The Republican Party isn’t likely to push for a change in the mandate before the 2012 elections, Avalere’s Mendelson said. That’s because Republicans want to keep controversy over the mandate alive, believing the requirement is unpopular with voters, he said.
Democrats and Republicans on Capitol Hill disagreed over what the ruling meant. Representative Eric Cantor, a Virginia Republican in line to become House majority leader next year, called on Obama and Attorney General Eric Holder to ask the Supreme Court for an expedited review of the health-law challenge.
“We must not burden our states, employers, and families with the costs and uncertainty created by this unconstitutional law,” Cantor said in a statement.
Because people buying insurance affect the price of medical services and coverage, it “clearly affects interstate and is thus within Congress’ power to regulate,” Senator Tom Harkin, an Iowa Democrat, said in a statement.
They will have opportunity to debate those points next year, when Republicans control the House of Representatives and have pledged to try and roll back the law.
Republicans plan a House vote to repeal the health law, said John Murray, a spokesman for Cantor. He said they are no plans for a separate vote to repeal only the mandate.
Even without a mandate, there are still policy options to expand coverage. The Obama administration faced a similar situation when pushing insurers to comply with a requirement in the law to offer coverage to children with pre-existing conditions. Insurers wanted to set up a separate, limited enrollment period in which children who had pre-existing conditions or were sick would be able to sign up for coverage.
The White House told insurers then that they couldn’t set up different sign-up periods for sick and healthy kids.
The government could take a similar route with the coverage expansion, using some combination of existing state law, federal and state regulations, and voluntary agreements with insurers to offer incentives for people to sign up before they get sick.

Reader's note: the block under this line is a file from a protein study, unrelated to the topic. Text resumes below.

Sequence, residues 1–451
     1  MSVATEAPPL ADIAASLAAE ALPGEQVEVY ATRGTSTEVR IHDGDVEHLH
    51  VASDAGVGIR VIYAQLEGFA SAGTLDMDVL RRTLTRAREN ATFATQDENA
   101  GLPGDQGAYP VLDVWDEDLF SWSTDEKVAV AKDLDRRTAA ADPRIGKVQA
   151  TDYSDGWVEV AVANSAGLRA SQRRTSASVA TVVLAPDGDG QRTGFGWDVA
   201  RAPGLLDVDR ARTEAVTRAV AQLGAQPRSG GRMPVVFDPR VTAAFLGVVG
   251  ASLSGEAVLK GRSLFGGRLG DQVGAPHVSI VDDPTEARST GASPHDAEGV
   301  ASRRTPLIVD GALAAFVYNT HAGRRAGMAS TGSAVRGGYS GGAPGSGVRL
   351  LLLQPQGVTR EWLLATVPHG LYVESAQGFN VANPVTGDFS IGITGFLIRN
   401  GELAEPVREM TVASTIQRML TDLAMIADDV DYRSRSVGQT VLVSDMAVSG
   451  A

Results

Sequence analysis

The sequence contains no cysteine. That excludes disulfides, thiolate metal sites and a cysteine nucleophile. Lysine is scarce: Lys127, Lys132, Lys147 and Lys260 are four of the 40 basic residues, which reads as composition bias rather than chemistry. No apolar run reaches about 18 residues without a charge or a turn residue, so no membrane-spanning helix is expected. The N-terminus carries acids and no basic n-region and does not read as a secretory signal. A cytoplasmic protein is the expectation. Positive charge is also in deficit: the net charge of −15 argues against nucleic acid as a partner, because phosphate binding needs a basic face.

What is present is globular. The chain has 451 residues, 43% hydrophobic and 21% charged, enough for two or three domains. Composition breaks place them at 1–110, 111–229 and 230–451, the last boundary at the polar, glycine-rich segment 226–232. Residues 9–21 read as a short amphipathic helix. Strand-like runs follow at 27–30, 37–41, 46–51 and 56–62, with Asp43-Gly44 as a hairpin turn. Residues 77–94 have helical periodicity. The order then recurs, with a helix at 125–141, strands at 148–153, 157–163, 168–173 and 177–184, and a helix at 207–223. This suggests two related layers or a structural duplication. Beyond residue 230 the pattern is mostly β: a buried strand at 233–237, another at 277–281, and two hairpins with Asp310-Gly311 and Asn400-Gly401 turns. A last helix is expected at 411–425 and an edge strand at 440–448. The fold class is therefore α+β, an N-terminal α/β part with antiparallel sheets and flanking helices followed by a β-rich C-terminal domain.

The White House needs to begin discussions with congressional leaders about an alternative because a ruling upholding the mandate is “well short of a certainty,” said Henry Aaron, a health-care policy expert at the Brookings Institution in Washington.
While there are other options, almost all would require a higher federal subsidy so people would see it in their interest to buy insurance, Aaron said in a telephone interview.
“The only way this works is if they offer an adequate subsidy and it’s debatable whether the law currently does that,” he said.
Another option would be fining people who wait to buy coverage until they’re sick. “Take a look at what Congress did with respect to Medicare Part D,” the prescription drug benefit for the elderly, created in 2003, said Ron Pollack, executive director for Families USA, a consumer advocacy group that backed Obama’s law.
Congress did not require senior citizens to purchase drug coverage in the 2003 law. Instead, the law penalizes people who wait to purchase drug coverage after they are first eligible for Medicare, at age 65, by charging them a surcharge.
“There are provisions like that that could be implemented in lieu of an individual mandate,” Pollack said.